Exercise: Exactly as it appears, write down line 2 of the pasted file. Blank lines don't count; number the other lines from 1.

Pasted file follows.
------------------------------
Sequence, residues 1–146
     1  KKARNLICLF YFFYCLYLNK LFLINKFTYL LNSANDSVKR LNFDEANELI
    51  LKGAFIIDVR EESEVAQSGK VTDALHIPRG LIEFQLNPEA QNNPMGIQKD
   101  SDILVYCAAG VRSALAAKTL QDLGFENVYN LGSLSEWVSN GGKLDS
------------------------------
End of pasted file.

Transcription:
     1  KKARNLICLF YFFYCLYLNK LFLINKFTYL LNSANDSVKR LNFDEANELI